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All India Institute of Medical Sciences Employees Union Vs. Union of India & Ors [1996] INSC 1345 (29 October 1996)

K. Ramaswamy, G.B. Pattanaik

ACT:

HEAD NOTE:

O R D E R

This special leave petition has been filed against the order of the Delhi High Court made on May 14, 1996 in CWP No.1946/96 directing institution proceeding against one, Dr. S.K. Kacker, former Director of the All India Institute of Medical Sciences for the alleged cognizable offence punishable under Section 409, Indian Penal Code. The Division Bench refused to issue mandamus to the police to investigate into the allegations made against the said doctor.

Shri Deshpande, learned counsel for the petitioner, contended that the petitioner had laid all the necessary information before the Director as well as the Minister concerned and also the Prime Minister bringing to their notice all the offences committed by the doctor but no action in that behalf had been taken. As a result, the petitioner was constrained to move the High Court under Article 226 of the Constitution to take the steps as required under the law. The High Court, therefore, was not right in refusing to entertain the writ petition and giving directions in this behalf. We find that the stand taken by the petitioner is not correct in law.

The Code of Criminal Procedure, 1973 (for short, the 'Code') prescribes the procedure to investigate into the cognizable offences defined under the Code. In respect of cognizable offence, Chapter XII of the Code prescribes the procedure: information to the police and their powers to investigate the cognizable offence. Sub-section (1) of Section 154 envisages that "every information relating to the commission of a cognizable offence, if given orally to an officer in charge of a police station, shall be reduced to writing by him or under his direction, and be read over to the informant; And every such information whether given in writing or reduced to writing as aforesaid, shall be signed by the person giving it, and the substance thereof shall be entered in a book to be kept by such officer in such form as the State Government may prescribe in this behalf." On such information being received and reduced to writing, the officer in charge of the police station has been empowered under Section 156 to investigate into the cognizable cases, The procedure for investigation has been given under Section 157 of the Code, the details of which are not material. After conducting the investigation prescribed in the manner envisaged in Chapter XII, charge- sheet shall be submitted to the court having jurisdiction to take cognizance of the offence. Section 173 envisages that:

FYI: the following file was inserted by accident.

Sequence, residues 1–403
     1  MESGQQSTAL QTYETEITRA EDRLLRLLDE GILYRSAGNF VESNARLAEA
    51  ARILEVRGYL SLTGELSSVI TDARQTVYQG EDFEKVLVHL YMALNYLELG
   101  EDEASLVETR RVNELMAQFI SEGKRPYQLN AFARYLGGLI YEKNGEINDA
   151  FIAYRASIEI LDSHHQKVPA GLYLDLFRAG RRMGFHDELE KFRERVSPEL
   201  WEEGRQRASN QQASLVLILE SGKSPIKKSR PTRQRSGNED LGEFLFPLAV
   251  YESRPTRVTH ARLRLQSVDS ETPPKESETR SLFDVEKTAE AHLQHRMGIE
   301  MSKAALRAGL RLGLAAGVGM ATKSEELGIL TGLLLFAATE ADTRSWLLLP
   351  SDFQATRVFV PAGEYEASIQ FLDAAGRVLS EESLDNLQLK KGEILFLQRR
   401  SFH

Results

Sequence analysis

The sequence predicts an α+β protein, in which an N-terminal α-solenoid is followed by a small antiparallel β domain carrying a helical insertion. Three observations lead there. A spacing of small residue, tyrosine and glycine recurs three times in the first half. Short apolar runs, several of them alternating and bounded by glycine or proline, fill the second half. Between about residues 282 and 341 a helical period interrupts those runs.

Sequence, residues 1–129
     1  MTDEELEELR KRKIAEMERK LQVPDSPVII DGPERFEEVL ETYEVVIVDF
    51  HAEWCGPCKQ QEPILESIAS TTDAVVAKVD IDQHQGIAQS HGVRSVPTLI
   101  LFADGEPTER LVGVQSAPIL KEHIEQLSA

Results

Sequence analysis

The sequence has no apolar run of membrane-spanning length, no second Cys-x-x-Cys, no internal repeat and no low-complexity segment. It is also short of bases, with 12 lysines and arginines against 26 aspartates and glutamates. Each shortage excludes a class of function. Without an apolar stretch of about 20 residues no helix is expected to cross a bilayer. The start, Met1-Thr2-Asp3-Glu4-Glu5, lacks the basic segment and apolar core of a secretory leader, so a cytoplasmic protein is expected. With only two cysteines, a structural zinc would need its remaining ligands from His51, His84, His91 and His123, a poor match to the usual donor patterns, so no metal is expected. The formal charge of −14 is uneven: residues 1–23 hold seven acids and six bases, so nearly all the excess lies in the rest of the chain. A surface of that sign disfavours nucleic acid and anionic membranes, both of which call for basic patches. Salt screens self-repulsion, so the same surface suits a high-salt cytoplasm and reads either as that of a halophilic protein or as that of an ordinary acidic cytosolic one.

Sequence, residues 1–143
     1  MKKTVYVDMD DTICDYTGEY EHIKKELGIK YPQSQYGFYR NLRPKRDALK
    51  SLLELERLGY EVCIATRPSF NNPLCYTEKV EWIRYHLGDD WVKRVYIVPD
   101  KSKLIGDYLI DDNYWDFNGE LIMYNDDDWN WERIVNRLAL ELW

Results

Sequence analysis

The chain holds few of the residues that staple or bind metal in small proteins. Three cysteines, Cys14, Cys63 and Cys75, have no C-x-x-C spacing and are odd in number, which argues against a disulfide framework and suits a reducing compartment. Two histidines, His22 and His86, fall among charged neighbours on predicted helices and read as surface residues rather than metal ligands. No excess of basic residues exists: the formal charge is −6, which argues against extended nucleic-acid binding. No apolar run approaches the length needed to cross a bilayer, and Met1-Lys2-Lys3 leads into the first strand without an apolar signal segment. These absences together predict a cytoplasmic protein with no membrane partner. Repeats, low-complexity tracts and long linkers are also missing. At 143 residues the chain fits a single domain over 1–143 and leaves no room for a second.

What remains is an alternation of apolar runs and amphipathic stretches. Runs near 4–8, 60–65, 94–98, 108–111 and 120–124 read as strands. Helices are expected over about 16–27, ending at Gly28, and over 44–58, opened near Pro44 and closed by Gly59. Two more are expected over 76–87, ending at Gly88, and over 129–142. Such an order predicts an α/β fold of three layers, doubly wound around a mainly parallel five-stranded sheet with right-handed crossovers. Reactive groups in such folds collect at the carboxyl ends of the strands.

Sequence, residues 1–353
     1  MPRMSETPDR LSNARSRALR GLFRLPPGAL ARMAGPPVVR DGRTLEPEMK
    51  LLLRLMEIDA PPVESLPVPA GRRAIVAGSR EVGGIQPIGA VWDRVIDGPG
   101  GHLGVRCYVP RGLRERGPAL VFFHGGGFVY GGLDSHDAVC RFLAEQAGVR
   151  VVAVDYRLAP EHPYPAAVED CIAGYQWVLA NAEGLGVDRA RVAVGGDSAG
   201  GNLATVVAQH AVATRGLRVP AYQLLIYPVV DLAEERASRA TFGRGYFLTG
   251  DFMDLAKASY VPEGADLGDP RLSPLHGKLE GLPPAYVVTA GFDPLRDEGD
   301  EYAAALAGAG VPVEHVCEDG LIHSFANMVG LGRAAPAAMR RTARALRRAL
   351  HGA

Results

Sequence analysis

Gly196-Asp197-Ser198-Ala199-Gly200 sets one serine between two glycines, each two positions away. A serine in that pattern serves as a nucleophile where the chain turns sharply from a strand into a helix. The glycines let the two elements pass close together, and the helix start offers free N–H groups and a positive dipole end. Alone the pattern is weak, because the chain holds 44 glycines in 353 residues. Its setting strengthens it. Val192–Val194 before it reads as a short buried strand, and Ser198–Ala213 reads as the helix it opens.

(1) Every investigation under this Chapter shall be completed without unnecessary delay. (2) As soon as it is completed, the officer in charge of the police station shall forward to a Magistrate empowered to take cognizance of the offence on a police report in the form prescribed by the State Government giving details therein. Upon receipt of the report, the Court under section 190 is empowered to take cognizance of the offence.

Under Section 173 (8), the investigating officer has power to make further investigation into the offence.

When the information is laid with the police but no action in that behalf was taken, the complainant is given power under Section 190 read with Section 200 of the Code to lay the complaint before the Magistrate having jurisdiction to take cognizance of the offence and the Magistrate is required to inquire into the complaint as provided in Chapter XV of the Code. In case the Magistrate after recording evidence finds a prima facie case, instead of issuing process to the accused, he is empowered to direct the concerned police to investigate into the offence under Chapter-XII of the Code and to submit a report. If he finds that the complaint does not disclose any offence to take further action, he is empowered to dismiss the complaint under Section 203 of the Code. In case he finds that he complain/evidence recorded prima facie discloses offence, he is empowered to take cognisance of the offence and would issue process to the accused.

In this case, the petitioner had not adopted either of the procedure provided under the Code. As a consequence, without availing of the above procedure, the petitioner is not entitled to approach the High Court by filing a writ petition and seeking a direction to conduct an investigation by the CBI which is not required to investigate into all or every offence. The High Court, therefore, though for different reasons, was justified in refusing to grant the relief as sought for.

The special leave petition is accordingly dismissed.

It, however, does not preclude the petitioner to follow either of the procedure as indicated above, if so advised and deemed appropriate.

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